Zimbabwean opinion leaders support abolition of the death penalty, according to new survey report

By Wallace Mawire

The Death Penalty Project, in partnership with Zimbabwean NGO Veritas, have  published a report, “Time to abolish the death penalty in Zimbabwe: Exploring the views of its opinion

 The report draws on in-depth interviews with 42 opinion leaders on the death penalty, their knowledge of the criminal justice system, the likelihood of abolition and how that could be
achieved. They represent the fields of politics, public service, law, religion, civil society, academia, and defence.

The research was designed and analysed by Professor Carolyn Hoyle at the University of Oxford and the interviews were conducted by the Mass Public Opinion Institute, a Zimbabwean research organisation.

The main finding indicates that 90% of those interviewed supported abolition of the death penalty. Other key findings include: –
On the opinion leaders’ trust in the criminal justice system:
• 64% did not trust the criminal justice system to prevent miscarriages of justice
• 79% believed wrongful convictions occur
• 60% believed that innocent people have been sentenced to death
On Zimbabwe’s reputation on the death penalty and support for abolition:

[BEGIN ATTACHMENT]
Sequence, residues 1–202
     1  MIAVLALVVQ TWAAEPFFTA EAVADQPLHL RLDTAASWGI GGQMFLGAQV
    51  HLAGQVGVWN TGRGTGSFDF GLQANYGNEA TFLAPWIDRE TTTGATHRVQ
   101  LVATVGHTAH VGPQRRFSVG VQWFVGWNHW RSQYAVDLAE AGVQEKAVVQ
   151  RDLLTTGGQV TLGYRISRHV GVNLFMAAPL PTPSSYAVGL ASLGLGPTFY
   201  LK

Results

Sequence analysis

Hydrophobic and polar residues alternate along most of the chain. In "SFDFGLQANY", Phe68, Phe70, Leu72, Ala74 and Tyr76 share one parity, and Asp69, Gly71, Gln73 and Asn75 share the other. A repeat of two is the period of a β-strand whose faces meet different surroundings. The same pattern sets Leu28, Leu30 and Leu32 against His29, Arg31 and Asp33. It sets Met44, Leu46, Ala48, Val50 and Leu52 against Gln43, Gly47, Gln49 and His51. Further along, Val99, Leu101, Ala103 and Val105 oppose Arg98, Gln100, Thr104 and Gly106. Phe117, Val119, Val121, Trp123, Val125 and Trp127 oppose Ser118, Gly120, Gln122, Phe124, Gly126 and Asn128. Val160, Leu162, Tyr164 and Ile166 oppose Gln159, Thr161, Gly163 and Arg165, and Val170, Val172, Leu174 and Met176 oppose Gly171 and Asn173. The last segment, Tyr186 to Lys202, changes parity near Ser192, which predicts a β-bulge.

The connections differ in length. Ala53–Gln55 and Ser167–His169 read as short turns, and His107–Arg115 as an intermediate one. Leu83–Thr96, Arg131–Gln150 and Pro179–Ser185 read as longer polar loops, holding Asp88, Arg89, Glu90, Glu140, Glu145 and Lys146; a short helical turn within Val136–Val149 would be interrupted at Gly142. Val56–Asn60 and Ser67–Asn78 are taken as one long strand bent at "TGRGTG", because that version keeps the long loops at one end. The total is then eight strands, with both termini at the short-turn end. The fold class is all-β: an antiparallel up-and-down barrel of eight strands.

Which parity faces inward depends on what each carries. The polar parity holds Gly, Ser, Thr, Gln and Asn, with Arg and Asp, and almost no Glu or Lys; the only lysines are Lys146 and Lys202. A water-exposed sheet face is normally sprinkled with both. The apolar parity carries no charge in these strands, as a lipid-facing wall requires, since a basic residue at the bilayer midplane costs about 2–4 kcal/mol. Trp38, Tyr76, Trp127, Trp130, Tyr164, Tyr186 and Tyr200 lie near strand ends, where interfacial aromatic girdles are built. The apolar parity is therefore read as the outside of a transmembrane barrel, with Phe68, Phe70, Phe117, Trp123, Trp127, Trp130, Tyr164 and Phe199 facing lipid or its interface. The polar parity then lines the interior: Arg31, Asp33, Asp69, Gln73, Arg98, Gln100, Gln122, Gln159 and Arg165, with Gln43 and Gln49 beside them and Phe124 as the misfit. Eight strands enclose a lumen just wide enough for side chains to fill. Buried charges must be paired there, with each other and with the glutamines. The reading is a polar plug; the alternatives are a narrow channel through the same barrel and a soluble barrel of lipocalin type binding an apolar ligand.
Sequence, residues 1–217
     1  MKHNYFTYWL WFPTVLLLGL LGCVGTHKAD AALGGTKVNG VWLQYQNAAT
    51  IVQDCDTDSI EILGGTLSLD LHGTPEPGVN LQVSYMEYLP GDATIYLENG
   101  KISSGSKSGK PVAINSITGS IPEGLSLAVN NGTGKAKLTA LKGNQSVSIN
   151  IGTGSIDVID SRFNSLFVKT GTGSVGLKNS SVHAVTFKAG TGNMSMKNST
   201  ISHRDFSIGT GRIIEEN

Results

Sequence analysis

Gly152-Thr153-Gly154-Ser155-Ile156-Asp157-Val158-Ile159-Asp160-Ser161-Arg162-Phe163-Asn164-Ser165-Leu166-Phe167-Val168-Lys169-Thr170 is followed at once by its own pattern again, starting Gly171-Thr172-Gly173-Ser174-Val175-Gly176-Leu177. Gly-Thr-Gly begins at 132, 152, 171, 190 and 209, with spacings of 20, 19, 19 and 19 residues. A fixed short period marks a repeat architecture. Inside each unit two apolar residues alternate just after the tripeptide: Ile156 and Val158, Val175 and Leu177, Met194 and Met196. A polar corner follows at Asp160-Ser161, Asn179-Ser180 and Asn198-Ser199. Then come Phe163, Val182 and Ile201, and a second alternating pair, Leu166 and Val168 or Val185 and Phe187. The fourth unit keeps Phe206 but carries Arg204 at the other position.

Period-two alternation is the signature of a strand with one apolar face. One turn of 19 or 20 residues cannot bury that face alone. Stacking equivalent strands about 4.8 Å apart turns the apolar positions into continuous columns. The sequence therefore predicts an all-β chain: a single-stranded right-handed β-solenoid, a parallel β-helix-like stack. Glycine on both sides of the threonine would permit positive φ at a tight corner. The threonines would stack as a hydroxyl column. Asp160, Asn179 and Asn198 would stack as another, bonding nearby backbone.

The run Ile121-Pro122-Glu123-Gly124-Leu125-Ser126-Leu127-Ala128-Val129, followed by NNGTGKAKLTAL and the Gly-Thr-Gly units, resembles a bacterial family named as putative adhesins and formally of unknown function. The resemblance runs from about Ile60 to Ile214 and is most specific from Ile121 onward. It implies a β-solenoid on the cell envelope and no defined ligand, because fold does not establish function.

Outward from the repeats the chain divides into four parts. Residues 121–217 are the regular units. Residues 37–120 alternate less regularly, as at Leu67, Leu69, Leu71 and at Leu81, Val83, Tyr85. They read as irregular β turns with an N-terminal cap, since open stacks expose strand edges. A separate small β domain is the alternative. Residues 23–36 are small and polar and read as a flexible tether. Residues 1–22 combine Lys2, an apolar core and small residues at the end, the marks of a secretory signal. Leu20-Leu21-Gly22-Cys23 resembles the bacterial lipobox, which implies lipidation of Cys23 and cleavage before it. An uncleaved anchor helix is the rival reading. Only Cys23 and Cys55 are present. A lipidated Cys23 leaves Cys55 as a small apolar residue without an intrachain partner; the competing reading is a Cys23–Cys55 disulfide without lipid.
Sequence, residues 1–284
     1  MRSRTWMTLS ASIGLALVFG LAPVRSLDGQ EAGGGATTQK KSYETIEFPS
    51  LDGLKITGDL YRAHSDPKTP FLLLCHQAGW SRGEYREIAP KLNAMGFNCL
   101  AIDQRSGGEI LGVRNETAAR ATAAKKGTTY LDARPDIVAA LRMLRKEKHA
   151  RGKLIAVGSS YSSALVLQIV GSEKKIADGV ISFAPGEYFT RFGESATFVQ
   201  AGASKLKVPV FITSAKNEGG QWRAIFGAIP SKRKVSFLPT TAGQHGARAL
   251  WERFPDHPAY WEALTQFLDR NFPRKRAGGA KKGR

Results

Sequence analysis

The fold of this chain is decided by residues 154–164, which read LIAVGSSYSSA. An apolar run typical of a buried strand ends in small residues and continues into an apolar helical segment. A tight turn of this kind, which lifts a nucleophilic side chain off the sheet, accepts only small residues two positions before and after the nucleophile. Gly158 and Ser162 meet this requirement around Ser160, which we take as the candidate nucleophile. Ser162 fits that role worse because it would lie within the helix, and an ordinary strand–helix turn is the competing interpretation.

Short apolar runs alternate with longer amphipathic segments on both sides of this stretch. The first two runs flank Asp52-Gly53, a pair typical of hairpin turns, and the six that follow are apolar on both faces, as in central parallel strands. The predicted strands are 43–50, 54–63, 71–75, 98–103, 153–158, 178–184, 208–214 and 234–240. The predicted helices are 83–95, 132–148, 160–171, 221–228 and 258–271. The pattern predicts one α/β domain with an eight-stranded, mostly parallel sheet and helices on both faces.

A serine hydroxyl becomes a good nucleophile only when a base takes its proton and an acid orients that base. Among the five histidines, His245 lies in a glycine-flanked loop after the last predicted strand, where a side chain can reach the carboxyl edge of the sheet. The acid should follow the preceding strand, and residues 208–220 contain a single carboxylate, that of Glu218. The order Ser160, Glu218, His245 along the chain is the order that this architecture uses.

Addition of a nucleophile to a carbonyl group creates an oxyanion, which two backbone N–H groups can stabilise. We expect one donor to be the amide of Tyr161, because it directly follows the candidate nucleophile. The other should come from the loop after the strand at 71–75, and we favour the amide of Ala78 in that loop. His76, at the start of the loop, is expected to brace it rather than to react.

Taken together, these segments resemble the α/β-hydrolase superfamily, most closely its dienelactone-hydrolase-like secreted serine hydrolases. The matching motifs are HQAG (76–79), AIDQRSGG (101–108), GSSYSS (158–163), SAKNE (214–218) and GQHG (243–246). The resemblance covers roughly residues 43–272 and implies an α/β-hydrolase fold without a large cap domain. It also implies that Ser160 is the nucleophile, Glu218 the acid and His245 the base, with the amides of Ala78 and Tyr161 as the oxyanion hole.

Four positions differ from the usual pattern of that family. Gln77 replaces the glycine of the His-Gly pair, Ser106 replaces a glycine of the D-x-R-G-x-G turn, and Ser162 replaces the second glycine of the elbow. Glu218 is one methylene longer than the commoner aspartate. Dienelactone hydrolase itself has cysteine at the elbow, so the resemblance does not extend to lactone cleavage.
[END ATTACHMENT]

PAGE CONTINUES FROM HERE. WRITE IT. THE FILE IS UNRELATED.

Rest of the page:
• 90% saw the death penalty as an abuse of human rights or against their religious beliefs
• 64% believed retention of the death penalty has damaged the country’s international
• 69% believed that the death penalty does not deter violent crime

President Emmerson Mnangagwa, in his Foreword to the report, says:
“I believe [the death penalty] to be a flagrant violation of the right to life and dignity. I welcome this report, which shows that almost all Zimbabwean opinion formers are of the same mind.”

Parvais Jabbar, Co-Executive Director of The Death Penalty Project, says:
“The findings in this report, together with our 2018 report on public attitudes, indicate that Zimbabwe as a country, is ready to end capital punishment. Over 75% of the world’s nations now
recognise the death penalty to be an inhuman and degrading punishment incompatible with evolving standards of decency. It is arbitrary, irreversible, has no strong deterrent value and deprives
an individual the opportunity for rehabilitation. The last execution in Zimbabwe was in 2005- there can be no logical rationale for its continued retention

Val Ingham-Thorpe, Director of Veritas says:
“In most societies, opinion leaders play in an important role in helping to shape public policy. This important study highlighting the views of Zimbabwean opinion leaders provides strong support for abolition of the death penalty. Most opinion formers believe that an Act of Parliament would be the best way forward to remove the death penalty, and as Parliament continues to debate this issue, I hope that a Bill can be introduced to end this practice without further delay.”

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